The cost of Seattle's ongoing effort to build bike lanes has ballooned to up to $12 million a mile, in another setback for the progressive city's leadership that has repeatedly spent big on social projects only to realize less-than-stellar results.
Seattle officials are apparently so embarrassed by the pricey cycling routes that they have been conducting quiet "soft launches" for new lanes instead of hosting splashy ribbon-cutting ceremonies, The Seattle Times reported.
Voters in Seattle approved a so-called "Move Seattle" transportation levy in 2015 to the tune of $930M, but the Seattle Department of Transportation (SDOT) has since admitted that the cost estimates it used to pitch the project to voters were not well-founded.
“We do not have enough funding right now to do everything that was promised, we just don’t,” SDOT interim Director Goran Sparrman said in April. “Some of those dollar amounts estimated for what projects would cost were clearly insufficient, even at the time.”
Due to rising infrastructure costs and poor estimates by city officials, Seattle's average for bike-lane building has risen from $1M to $2M per mile, The Seattle Times reported.
That's significantly more than the $860,000 total that former mayor Ed Murray cited in proposing the levy, and quadruple comparable national averages, the paper reported.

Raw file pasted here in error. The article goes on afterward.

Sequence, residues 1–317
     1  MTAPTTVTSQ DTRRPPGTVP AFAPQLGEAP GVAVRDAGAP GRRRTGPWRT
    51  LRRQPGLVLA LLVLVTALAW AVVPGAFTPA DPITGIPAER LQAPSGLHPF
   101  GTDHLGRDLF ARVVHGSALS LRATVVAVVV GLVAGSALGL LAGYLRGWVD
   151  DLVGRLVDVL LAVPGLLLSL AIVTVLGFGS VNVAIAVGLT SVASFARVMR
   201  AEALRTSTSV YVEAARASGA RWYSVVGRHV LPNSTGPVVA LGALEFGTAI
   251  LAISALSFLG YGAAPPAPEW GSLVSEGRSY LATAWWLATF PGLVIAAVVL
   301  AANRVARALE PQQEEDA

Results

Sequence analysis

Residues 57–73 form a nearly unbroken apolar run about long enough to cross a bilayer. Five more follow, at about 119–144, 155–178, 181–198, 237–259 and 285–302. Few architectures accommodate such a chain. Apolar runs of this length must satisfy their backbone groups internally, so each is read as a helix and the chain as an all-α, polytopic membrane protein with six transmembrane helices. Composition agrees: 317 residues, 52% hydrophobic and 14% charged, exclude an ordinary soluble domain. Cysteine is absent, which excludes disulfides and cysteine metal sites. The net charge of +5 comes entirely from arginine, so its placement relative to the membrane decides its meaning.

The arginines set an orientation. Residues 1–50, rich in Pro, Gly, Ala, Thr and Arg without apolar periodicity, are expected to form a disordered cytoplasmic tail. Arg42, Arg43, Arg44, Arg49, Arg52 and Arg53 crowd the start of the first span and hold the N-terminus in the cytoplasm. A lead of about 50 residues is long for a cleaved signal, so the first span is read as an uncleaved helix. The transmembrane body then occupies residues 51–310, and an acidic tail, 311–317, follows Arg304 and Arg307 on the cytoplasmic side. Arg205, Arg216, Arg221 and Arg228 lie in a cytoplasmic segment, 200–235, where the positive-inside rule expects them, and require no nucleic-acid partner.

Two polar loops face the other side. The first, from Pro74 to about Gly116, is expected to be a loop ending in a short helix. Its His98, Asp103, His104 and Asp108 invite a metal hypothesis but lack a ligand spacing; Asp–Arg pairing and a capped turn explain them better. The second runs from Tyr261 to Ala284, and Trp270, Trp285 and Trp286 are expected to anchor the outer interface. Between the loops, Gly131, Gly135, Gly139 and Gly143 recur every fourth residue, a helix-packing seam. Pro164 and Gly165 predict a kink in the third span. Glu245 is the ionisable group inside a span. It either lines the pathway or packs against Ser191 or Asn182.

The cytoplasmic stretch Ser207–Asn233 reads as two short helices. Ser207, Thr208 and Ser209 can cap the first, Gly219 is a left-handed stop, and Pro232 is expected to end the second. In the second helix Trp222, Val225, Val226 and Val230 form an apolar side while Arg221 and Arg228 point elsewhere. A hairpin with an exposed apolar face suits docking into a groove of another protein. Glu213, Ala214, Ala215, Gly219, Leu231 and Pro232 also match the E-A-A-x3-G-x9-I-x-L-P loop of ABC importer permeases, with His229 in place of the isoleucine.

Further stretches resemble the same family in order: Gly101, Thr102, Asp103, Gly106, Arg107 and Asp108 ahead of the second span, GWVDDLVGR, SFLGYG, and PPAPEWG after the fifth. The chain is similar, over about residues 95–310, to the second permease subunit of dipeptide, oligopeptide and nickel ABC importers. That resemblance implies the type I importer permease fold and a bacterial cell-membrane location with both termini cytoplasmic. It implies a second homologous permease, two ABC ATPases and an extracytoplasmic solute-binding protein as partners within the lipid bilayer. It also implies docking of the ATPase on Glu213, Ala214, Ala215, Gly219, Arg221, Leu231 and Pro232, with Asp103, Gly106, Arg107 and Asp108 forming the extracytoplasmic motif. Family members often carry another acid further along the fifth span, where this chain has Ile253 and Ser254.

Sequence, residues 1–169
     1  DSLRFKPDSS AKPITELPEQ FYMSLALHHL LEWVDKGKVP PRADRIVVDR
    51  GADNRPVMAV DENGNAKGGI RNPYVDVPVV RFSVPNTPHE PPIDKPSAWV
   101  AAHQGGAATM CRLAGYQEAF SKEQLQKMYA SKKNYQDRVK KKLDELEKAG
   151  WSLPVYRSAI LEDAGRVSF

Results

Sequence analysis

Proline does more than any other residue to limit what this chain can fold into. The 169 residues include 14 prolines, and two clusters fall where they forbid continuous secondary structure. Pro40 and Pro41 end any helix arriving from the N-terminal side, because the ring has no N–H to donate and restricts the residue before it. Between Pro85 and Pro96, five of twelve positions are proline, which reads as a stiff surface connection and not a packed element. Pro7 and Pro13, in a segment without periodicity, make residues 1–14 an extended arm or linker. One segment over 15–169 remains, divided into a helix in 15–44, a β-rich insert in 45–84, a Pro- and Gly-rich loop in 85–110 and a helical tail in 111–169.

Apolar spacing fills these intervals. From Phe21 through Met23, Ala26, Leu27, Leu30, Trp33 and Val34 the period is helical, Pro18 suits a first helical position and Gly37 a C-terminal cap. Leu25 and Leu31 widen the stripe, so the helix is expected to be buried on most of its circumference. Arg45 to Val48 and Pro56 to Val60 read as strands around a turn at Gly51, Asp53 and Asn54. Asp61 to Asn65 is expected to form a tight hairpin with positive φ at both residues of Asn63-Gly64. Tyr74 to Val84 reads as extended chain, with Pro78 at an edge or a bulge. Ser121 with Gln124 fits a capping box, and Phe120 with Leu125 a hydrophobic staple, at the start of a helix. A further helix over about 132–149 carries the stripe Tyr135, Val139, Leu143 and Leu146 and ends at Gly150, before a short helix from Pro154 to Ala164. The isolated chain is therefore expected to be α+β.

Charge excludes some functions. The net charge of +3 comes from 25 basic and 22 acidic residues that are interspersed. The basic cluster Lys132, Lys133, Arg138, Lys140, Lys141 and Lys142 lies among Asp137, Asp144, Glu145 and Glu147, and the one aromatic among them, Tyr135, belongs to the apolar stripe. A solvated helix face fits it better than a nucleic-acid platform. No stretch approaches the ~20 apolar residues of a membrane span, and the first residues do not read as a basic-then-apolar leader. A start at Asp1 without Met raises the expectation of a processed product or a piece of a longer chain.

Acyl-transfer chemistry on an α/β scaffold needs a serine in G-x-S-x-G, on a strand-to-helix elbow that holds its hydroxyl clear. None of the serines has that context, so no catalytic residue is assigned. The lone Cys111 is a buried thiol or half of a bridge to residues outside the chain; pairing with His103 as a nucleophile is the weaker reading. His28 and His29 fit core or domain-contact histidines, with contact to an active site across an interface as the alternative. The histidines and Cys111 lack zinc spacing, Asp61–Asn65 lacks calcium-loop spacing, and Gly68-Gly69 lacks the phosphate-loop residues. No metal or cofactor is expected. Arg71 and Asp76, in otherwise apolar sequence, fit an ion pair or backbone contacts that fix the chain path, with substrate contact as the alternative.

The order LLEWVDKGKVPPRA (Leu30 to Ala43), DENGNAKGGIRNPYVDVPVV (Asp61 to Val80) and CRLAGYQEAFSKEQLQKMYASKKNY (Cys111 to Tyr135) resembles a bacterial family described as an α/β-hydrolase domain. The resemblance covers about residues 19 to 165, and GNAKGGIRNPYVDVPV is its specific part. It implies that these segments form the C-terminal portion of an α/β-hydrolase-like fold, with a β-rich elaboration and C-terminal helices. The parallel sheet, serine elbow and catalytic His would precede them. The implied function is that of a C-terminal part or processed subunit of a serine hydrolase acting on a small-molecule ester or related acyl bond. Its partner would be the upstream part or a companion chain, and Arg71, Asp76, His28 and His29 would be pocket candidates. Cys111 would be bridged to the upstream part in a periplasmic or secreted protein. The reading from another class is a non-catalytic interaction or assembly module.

Analysts say the levy estimates failed to properly account for all the added costs of building new bike lanes, including the installation of necessary traffic signals and sidewalk retrofits.
It's a significant comedown for an initiative that Seattle's official website still calls "visionary" for its potential to provide "safer streets, better roads, and more reliable transit options."
But the setbacks haven't deterred the city's cyclists, who converged on Seattle's City Hall on Bike Everywhere Day earlier this month, blocking traffic and demanding even more bike lanes, according to local reports.
The financial missteps are just the latest for Seattle's progressive leadership, which has advanced other expensive social projects that critics have called inefficient and unsuccessful.
For example, Seattle's first-in-the-nation $15 per hour minimum wage law actually hurt the workers it aimed to help, a study found last year.
And earlier this month, Starbucks and Amazon blasted Seattle's decision to slap a new “head tax” on businesses to pay for homeless services and affordable housing -- saying the government's own lack of efficiency is to blame for the city’s woes.